4 page summary highlighting results so far from the Typhoon Haiyan Reconstruction Project, funded through Global Affairs Canada
Ready to Rebuild
Ready to Rebuild
For Rolando Creado, 64, the safest place was to head to the mountains.
A rice farmer in the village of San Miguelay, about a 45 minute drive from Tacloban City in Leyte, Philippines, he knew things would be bad. After all, in a typical year, his village is flooded about six or seven times from various storms, thanks to a nearby river.
Typhoon Haiyan was imminent, with the threat of ferocious winds and heavy rains. So Rolando, his wife, son and grandchild headed to higher ground.
They dug a small foxhole in a field and covered themselves with a tarp, clinging together as the weather began to intensify.
The scariest part, he says, were the winds, which scattered trees and other debris. A frightening prospect when your only roof is a tarp in one of the worst storms in recorded history.
Eventually, Rolando says, he wondered if it was time to accept he was going to die. Should he live, he knew there was no way all of his family members and friends would make it out alive.
The storm was just too strong.
Four hours later, when the worst of the storm had passed, they emerged cold and wet from the rain and a stream from the mountains that flowed into their foxhole.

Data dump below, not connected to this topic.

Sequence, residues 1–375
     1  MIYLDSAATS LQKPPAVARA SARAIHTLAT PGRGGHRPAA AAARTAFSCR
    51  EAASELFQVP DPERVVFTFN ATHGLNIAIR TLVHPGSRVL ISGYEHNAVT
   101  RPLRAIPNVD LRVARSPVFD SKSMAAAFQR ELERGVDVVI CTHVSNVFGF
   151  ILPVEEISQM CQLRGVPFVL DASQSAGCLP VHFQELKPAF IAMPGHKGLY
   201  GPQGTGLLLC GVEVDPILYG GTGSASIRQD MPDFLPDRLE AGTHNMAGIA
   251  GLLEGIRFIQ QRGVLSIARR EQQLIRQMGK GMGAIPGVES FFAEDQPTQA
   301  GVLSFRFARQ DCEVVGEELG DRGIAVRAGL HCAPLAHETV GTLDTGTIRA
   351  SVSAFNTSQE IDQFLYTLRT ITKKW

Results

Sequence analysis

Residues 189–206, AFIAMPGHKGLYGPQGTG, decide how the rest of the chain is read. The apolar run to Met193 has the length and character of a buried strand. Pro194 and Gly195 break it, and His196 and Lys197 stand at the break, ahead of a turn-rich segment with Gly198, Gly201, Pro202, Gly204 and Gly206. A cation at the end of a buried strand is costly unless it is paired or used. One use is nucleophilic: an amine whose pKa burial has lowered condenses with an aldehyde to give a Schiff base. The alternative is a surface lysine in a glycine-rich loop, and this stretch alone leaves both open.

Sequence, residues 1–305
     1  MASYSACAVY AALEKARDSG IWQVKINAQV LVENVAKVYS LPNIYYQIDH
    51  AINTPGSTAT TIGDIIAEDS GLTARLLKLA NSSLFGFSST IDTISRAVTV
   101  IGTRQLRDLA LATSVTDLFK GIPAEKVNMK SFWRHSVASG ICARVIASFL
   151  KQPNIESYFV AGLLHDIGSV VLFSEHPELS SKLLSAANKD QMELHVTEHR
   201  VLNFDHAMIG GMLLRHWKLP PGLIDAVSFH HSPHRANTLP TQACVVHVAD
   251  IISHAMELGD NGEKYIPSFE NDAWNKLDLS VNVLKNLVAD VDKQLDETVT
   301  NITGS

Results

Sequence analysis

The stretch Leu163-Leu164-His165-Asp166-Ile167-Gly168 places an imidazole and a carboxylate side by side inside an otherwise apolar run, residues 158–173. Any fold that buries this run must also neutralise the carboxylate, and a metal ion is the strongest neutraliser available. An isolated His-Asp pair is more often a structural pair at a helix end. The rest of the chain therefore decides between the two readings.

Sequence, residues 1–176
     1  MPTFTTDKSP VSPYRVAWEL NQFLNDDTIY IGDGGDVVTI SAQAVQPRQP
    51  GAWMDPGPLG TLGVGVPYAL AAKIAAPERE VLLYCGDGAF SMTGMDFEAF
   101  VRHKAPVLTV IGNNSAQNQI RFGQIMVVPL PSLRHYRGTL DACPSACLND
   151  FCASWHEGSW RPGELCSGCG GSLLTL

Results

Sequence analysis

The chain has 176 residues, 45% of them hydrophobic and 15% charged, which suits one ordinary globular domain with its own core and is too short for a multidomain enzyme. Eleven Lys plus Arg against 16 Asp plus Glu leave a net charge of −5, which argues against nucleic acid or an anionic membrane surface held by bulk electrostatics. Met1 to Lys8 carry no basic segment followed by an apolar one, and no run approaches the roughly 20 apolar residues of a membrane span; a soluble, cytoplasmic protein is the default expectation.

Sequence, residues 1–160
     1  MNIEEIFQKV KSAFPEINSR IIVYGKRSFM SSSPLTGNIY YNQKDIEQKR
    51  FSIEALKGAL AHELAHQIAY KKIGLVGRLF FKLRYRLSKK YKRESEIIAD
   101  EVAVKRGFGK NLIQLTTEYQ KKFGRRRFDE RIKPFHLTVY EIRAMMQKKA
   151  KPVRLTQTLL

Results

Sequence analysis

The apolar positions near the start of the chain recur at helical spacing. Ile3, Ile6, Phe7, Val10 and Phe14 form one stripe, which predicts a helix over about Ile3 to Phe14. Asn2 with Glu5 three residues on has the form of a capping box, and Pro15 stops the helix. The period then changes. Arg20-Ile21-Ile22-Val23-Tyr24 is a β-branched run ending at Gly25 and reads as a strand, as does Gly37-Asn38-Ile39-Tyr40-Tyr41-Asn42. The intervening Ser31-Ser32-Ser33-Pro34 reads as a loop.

They returned to a village utterly devastated, with trees uprooted and shattered homes, including Rolando’s, which he says completely washed away.
Thankfully, despite what Rolando thought earlier, no one died in his village. However, this super typhoon ensured much work would be required to rebuild.
The village “was easily devastated because of all the light materials used” on the houses, says Rolando.
At the end of December, San Miguellay would be one of the first communities that CARE and our local partner ACCORD would distribute high quality shelter repair kits containing corrugated sheet metal, specialized nails, tools and other useful items. This was coupled with a cash supplement of 3,000 pesos (roughly $68) to pay for extra materials or labor costs. Local carpenters were enlisted to provide training on new methods to “build back safer,” so homes can be built with stronger foundations to face future storms.
Tomorrow, a carpenter will arrive to begin rebuilding Rolando’s home. He says he is extremely thankful for this assistance and is confident the new materials will better protect the people of his village.
Written by Darcy Knoll, emergency communications coordinator for CARE International in the Philippines